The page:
One of my friends is a taxi driver. I know, I know, you’re tired of hearing about the showbiz circles I mix in, but it’s entirely relevant for this post. Watching the terminally miserable looking David Morrissey’s performance as ‘sick of life’ cabbie Vince McKee was pretty much like watching my friend. Except for the bundling someone into a boot bit.
The incidences of vomit stained seats, incontinent drunks, foul mouthed abuse, shouty business conversations and uppity passengers criticising your chosen route would drive most people to a bit of road rage and Vince’s descent into being a man pushed over the edge was written and performed well, and stirred a kind of stressed but empathetic tension within me as I watched.
The setup was this: taxi driver Vince has been married for 18 years, has a teenage daughter and his life seems stuck in a rut. His job is dead end and the reappearance of an old friend who has been released from prison opens up a temptation to join a life of crime, overseen by the guy with the gun from the Alan Partridge Film.
It takes Vince about five minutes, which involve his daughter’s boyfriend being a bit of a snob and then a mugging from two girls who can’t control their bladders, to decide to accept the offer from the mysterious criminal, affectionately known as The Horse. Perhaps when Vince was asked if he wanted to spend time with The Horse, he misheard but, either way, he’s now got himself embroiled into a life of crime that began to speed (both figuratively and literally) out of control.
The new cashflow allowed Vince to treat his daughter, Katie (whom Corrie fans will remember as Sian from Coronation Street) to some driving lessons and to splash out on an anniversary that his wife, Rosalind, had forgotten. By the end of the episode, this novelty had worn well and truly off.
As the jobs increasingly interrupted the home life Vince was now regretting becoming bored with, he became trapped in the dark world that led him down the murky (and cliché TV drama) route of police chases and revenge attacks.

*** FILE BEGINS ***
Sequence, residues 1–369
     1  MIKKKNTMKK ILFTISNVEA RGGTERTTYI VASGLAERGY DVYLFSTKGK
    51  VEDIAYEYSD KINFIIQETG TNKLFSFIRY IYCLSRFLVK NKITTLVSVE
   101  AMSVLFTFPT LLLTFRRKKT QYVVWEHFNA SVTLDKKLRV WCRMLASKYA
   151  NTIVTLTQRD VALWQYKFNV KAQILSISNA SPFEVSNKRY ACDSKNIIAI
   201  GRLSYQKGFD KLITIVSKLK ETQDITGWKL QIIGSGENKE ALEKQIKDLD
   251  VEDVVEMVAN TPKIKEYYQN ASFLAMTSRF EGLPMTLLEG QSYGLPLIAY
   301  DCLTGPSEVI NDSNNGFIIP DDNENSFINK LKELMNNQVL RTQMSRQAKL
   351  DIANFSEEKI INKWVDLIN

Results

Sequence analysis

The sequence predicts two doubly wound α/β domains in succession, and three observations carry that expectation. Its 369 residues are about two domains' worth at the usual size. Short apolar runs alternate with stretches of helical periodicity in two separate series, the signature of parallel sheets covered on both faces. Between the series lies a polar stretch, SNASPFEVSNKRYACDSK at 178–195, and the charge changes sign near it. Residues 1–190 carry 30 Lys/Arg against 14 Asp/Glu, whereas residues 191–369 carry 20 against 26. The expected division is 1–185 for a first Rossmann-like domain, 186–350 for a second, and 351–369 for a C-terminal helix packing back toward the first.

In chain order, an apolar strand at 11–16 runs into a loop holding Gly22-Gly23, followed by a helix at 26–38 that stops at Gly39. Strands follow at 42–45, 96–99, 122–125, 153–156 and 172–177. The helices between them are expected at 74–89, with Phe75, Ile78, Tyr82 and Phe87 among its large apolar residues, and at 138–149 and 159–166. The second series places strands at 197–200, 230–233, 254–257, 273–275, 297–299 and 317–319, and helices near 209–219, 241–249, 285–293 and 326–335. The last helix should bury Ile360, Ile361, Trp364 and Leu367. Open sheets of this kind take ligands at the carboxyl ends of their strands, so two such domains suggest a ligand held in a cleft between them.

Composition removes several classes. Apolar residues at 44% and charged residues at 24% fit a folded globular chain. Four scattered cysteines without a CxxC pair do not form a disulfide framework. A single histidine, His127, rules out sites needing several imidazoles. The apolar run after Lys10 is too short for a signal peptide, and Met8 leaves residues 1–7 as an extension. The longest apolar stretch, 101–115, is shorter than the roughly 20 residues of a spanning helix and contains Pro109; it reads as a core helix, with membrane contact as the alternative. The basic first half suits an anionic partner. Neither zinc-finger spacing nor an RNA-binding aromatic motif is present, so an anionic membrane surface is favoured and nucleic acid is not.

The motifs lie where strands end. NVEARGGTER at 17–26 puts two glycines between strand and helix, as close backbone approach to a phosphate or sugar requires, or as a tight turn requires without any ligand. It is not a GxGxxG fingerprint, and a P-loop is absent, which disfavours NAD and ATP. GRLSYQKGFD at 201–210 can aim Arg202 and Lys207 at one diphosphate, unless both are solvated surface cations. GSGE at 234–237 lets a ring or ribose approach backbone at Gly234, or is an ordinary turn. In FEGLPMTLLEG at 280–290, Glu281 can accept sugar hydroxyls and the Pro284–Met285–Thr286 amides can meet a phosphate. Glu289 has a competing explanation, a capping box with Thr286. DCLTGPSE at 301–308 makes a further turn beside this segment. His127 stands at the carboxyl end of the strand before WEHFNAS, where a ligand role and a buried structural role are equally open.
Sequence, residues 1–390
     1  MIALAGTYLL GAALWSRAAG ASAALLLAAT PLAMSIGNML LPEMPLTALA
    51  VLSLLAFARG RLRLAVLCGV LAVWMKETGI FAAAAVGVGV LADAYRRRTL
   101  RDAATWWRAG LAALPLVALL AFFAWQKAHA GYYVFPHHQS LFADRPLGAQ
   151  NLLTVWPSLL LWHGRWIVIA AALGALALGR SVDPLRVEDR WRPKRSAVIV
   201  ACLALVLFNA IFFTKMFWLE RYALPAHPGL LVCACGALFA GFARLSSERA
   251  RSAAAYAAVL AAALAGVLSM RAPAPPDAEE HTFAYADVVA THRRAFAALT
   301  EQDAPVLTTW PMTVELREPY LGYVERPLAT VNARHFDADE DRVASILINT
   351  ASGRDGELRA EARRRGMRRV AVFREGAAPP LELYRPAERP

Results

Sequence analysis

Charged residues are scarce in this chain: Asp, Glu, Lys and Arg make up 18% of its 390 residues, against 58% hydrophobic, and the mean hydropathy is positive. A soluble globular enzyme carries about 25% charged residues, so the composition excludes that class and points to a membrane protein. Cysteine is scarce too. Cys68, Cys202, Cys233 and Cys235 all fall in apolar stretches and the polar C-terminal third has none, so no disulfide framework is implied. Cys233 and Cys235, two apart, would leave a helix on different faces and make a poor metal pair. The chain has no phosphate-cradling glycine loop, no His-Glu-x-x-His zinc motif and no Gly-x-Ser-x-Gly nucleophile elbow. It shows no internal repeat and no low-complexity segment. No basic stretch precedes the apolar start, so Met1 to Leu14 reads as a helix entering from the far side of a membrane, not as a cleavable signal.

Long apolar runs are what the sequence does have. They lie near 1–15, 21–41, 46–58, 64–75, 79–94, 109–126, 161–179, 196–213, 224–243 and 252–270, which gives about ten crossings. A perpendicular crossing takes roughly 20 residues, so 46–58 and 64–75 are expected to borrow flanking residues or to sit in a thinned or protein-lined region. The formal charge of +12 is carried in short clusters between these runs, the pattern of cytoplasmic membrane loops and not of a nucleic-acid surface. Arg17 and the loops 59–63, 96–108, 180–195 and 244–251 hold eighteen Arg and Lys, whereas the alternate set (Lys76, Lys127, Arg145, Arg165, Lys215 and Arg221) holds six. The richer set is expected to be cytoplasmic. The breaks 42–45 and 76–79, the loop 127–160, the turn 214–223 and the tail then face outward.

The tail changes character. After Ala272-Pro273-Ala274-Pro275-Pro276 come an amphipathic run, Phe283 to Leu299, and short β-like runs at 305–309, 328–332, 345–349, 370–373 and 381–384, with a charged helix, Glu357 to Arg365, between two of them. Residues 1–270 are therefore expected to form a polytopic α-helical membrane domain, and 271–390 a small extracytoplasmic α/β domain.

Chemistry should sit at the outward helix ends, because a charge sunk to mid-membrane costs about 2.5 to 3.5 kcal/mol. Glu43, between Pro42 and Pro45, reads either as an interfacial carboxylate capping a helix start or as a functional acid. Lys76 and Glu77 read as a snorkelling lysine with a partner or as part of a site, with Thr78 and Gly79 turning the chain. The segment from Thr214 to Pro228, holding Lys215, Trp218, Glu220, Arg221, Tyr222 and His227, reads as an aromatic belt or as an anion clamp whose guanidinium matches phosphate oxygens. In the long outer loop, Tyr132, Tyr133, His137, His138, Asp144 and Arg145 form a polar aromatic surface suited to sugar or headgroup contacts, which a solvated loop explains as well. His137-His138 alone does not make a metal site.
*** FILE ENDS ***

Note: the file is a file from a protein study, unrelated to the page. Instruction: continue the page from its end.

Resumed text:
As he bundled a young lad into the boot of a car (with the ever so subtle help of a club wielding friend, Colin, played brilliantly by Ian Hart) Vince’s face said it all: ‘What the hell have I gotten myself into’?
This was a drama that didn’t hit us with anything new or revolutionary. A down and out middle aged man tempted into a life of crime and getting out of his depth is far from a new concept to television and there was a real risk that the predictability of the plot would leave this drama lacking. However, the acting performances of a very strong cast, and some engaging writing, elevated the show beyond mediocrity and provided an adequately strong piece of television that was an easy watch.
David Morrissey, as always, pulled off an excellent performance and viewers would be able to feel some degree of sympathy for his character. Ian Hart gave his all to the reckless character of Colin, who was involved in the best scene of the show, where he found his twin brother coming out of his pregnant girlfriend’s home. Colm Meaney played ‘The Horse’ with just the right amount of menace and, despite being older than the character she played, Sacha Parkinson was an incredibly believable angst ridden and excitable teenager.
It was most definitely worth watching, and something that I will more than likely see through to the end. But what were your views on the debut of this drama? Why not let me know by leaving a comment below. We can enter even further into the discussions of all things TV and entertainment if you follow my Twitter account at: https://twitter.com/Our_manPLA
Written By Our Man In The North